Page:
Top 5 Artists you think people should listen to (I’m not invested in this question, people should listen to what they like, not what I like, but I’ll give it a shot)
1. Dishwalla (don’t think they get enough credit)
2. Laurie Anderson (she’s too smart and avante garde to ignore)
3. Kate Bush (an artist ahead of her time)
4. Sinead O’Connor (for the same reason as Kate)
5. Supertramp (original, ironic, sarcastic, relevant even today)

Top 5 Albums you must hear from start to finish
1. Kate Bush – Hounds of Love
2. U2 – Achtung Baby
3. Alanis Morisette – Jagged Little Pill
4. The Cure – Fascination Street
5. Bob Marley – Greatest Hits
(close #6 & 7, Pearl Jam – Ten, Supertramp – Breakfast in America)

Top 5 Musical Heroes
1. Kate Bush (because she beat Tori to it by a decade)
2. Lorena McKennit (it’s all about her voice-the one I wish I had)
3. Alanis Morisette (because of where she takes me in all her albums)
4. Laurie Anderson (because she’s a genius and no one else is like her)
5. Traci Chapman (because she’s got the voice, lyrics and instrumental prowess)

Tuesday, May 17, 2005

Our Circular Lives

A friend sent me this link to a project called Their Circular Life: An Exploration of Human Behavior. It consists of webcams set up in various Italian cites that chronicle moments in a day--included is sound, so one gets a brief sensation of being there. It's difficult to explain the lateral reach of this site, or how beautiful it is in a very simple way. If you have speakers, enter the site with the music option.

This is a postmodern/hypertext project to the umpteenth degree. I sit at my PC in Portland, OR, and watch the events of a day in an ordinary juncture (train stations, parks) in Italy. There is no grand statement made, just a visual, auditory connection on a very real level--in one shot a woman throws away some garbage, for a moment I got a hint of the smell.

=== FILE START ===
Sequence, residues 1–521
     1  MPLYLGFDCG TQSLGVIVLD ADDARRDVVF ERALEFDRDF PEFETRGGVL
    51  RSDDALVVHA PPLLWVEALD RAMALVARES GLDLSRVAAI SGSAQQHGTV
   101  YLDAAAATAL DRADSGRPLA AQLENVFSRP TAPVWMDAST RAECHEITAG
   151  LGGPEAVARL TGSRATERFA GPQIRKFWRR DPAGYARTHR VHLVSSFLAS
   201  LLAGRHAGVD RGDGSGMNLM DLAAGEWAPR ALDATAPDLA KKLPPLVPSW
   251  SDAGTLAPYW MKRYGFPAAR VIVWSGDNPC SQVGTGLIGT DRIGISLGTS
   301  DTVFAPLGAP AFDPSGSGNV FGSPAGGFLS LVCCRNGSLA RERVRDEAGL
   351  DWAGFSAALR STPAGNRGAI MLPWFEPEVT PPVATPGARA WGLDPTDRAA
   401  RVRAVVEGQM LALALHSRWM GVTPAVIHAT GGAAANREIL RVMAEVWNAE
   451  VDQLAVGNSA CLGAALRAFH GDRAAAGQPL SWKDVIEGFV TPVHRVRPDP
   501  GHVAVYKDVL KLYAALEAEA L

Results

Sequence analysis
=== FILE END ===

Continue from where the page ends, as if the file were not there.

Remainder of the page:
Here's the link: Their Circular Life

I'd love to hear your reactions ... any tingles? Any thoughts?

Friday, May 13, 2005

Of Mere Being ...

Writing is a tricky business. You think you've found a way to hide out, an anonymity that allows you to whisper into the universe's ear, instead of shout into the tyrant's face. But it's an illusion. We shout even louder on paper, with much more intense reverberations than any amplified tirade.

I read a memoir in my Creative Non-fiction class today--a memoir about a particular summer of my life. It related to classic mythology because it was a journey--a random exploration of cultural abominations made right by the vagaries and temperaments of "the gods." It was an exciting adventure full of trials and tribulations, with the heroine making out more or less alright in the end. :)

It felt good to purge, and it was a piece that, for the moment anyway, I'm proud of. I felt it was the most sophisticated thing, structurally, I've ever attempted. Here's a small section:

"During the summer before our big day, my pending husband had just finished graduate school and moved to an area north of San Diego into the home that we were going to share. I stayed in Pasadena, moving into an eight-foot by ten-foot room in a condo owned by my friend Kelly’s former boyfriend. My clothes hung on a bar directly above my head, often floating in the hot, night breeze like restless ghosts. Sometimes I’d come home from work to hear the sounds of my friend and her ex attempting a reunion. Later he’d sit in his boxer shorts, stuck to the vinyl sofa eating directly out of a carton of ice cream I’d purchased, explaining to Kelly how he couldn’t commit because, “what if Demi Moore, or someone like her, suddenly showed some interest in me?” With ice cream smeared on the sides of his mouth, his belly folded over the elastic waistband of his boxers, he confessed he was pretty sure he would feel somehow short-changed. While I observed him in disbelief, he set the cold spoon down on his thigh and asked me how it was I knew Aaron was the best guy for me. "

I came across this poem and I'm contemplating it. I sort of love it, but I'm not entirely sure I understand it, do you? I think it's about how the most sublime things about us, our unconscious art, the part of our identity that lies beyond the mirror or signifiers, is our purest thing ... our essence?

Of Mere Being
The palm at the end of the mind,
Beyond the last thought, rises
In the bronze distance,

A gold-feathered bird
Sings in the palm, without human meaning
Without human feeling, a foreign song.

You know then that it is not the reason
That makes us happy or unhappy.
The bird sings. Its feathers shine.

The palm stands on the edge of space.
The wind moves slowly in the branches.